Recent studies published on Monday show that almost six percent of all Amazon S3 buckets are open to public viewing, while two percent are up for public editing. With the latter any one can add, delete or edit the data and even hold the user’s data for ransom.
This research that was carried out by French cyber-security company HTTPCS updates a previous survey of Amazon S3 buckets from September 2017.
The survey, carried out by the cloud security gurus at Skyhigh Networks, found that 7% of all Amazon S3 storage buckets were publicly accessible.
It was believed at the time that the high number of publicly readable data buckets was the main reason of the spikes in reports of data breaching.
The new HTTPCS survey scanned a hundred thousand s3 buckets while also checking buckets that had already given full access to the general public. The new scan was carried out after a Bleeping Computer report warned about the potential of abuse regarding such buckets’ existence.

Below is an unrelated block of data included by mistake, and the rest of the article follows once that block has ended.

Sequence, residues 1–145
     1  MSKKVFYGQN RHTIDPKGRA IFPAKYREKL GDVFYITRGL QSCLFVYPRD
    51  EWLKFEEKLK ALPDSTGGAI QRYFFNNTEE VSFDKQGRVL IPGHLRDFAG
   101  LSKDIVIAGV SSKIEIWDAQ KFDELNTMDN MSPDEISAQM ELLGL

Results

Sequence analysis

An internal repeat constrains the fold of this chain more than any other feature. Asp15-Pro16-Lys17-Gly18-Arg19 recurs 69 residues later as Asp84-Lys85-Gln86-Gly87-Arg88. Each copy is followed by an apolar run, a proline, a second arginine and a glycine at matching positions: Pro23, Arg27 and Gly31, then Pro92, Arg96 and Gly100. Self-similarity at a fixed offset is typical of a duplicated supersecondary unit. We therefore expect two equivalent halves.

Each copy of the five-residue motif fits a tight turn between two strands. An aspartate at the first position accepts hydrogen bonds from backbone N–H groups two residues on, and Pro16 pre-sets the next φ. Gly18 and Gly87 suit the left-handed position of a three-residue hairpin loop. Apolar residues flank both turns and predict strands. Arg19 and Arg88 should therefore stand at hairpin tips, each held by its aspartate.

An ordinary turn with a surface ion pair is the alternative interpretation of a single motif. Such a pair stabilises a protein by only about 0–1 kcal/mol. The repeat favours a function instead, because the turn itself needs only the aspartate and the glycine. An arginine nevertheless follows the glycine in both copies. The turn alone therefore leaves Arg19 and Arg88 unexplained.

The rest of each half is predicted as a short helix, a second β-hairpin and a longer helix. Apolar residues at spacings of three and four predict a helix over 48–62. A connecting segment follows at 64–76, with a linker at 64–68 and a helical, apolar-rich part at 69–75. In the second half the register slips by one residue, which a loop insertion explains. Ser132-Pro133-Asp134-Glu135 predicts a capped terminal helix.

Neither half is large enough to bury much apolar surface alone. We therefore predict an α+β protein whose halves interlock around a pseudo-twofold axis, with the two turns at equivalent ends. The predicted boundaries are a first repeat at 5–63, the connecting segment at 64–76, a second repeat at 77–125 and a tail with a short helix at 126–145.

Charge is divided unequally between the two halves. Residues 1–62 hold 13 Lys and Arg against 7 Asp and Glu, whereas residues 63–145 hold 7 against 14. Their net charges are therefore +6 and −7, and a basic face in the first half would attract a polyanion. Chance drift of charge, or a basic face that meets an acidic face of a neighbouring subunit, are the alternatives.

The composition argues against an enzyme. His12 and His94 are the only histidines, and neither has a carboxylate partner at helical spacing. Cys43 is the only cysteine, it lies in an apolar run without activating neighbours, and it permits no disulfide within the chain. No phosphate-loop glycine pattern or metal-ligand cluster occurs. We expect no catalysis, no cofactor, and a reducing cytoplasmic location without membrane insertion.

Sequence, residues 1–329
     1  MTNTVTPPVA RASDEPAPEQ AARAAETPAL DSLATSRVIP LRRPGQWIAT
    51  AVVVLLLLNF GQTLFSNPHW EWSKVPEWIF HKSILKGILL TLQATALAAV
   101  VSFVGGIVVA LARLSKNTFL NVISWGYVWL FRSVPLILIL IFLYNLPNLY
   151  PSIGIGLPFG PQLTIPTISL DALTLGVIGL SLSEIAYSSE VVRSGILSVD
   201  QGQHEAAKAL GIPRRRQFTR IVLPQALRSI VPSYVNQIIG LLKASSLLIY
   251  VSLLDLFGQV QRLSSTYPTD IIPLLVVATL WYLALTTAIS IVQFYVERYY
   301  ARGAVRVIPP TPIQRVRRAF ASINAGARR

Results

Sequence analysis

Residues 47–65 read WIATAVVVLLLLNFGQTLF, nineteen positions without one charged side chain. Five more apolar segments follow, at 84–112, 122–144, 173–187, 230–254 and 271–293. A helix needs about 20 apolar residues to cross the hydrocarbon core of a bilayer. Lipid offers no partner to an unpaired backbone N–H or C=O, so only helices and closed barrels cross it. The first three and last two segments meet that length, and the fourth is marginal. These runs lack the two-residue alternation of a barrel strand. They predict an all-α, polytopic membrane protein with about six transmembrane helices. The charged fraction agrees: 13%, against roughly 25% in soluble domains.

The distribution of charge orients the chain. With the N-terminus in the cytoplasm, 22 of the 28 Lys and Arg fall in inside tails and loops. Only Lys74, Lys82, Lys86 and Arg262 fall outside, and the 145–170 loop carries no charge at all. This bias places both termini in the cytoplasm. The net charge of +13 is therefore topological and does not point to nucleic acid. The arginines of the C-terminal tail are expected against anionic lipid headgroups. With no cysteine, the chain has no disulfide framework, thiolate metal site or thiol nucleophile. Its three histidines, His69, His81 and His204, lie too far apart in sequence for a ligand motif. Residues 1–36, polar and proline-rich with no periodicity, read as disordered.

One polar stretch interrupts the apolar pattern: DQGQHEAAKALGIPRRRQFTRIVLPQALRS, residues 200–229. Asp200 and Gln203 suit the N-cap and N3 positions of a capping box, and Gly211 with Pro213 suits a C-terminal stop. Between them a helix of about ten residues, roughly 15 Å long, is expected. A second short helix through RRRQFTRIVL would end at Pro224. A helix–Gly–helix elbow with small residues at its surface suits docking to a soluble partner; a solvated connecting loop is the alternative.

“Twenty Percent of public Buckets (i.e. 2% of the total) aren’t write-protected, what might lead to data corruption attacks, malware spreading, and even to ransomware attacks, as we could see in 2017 on poorly configured MongoDB databases,” HTTPCS experts discovered that only 5% of the buckets which aren’t write-protected don’t contain files, therefore this makes the possibilities of large scale attacks all too real.
This goes to show the serious security lapse that has been laying dormant ready to be exploited. Hopefully this will be patched soon otherwise this whole could take a sour turn.
Allowing users not on the Amazon service to be able to access buckets and do with them as they please is quite a big oversight on the company’s part. For a company to have ignored it for this long is quite alarming especially given the recent activity of hackers on similar services. The time might not be far when Amazon is under fire. With this knowledge now made common knowledge it seems that time has grown closer still.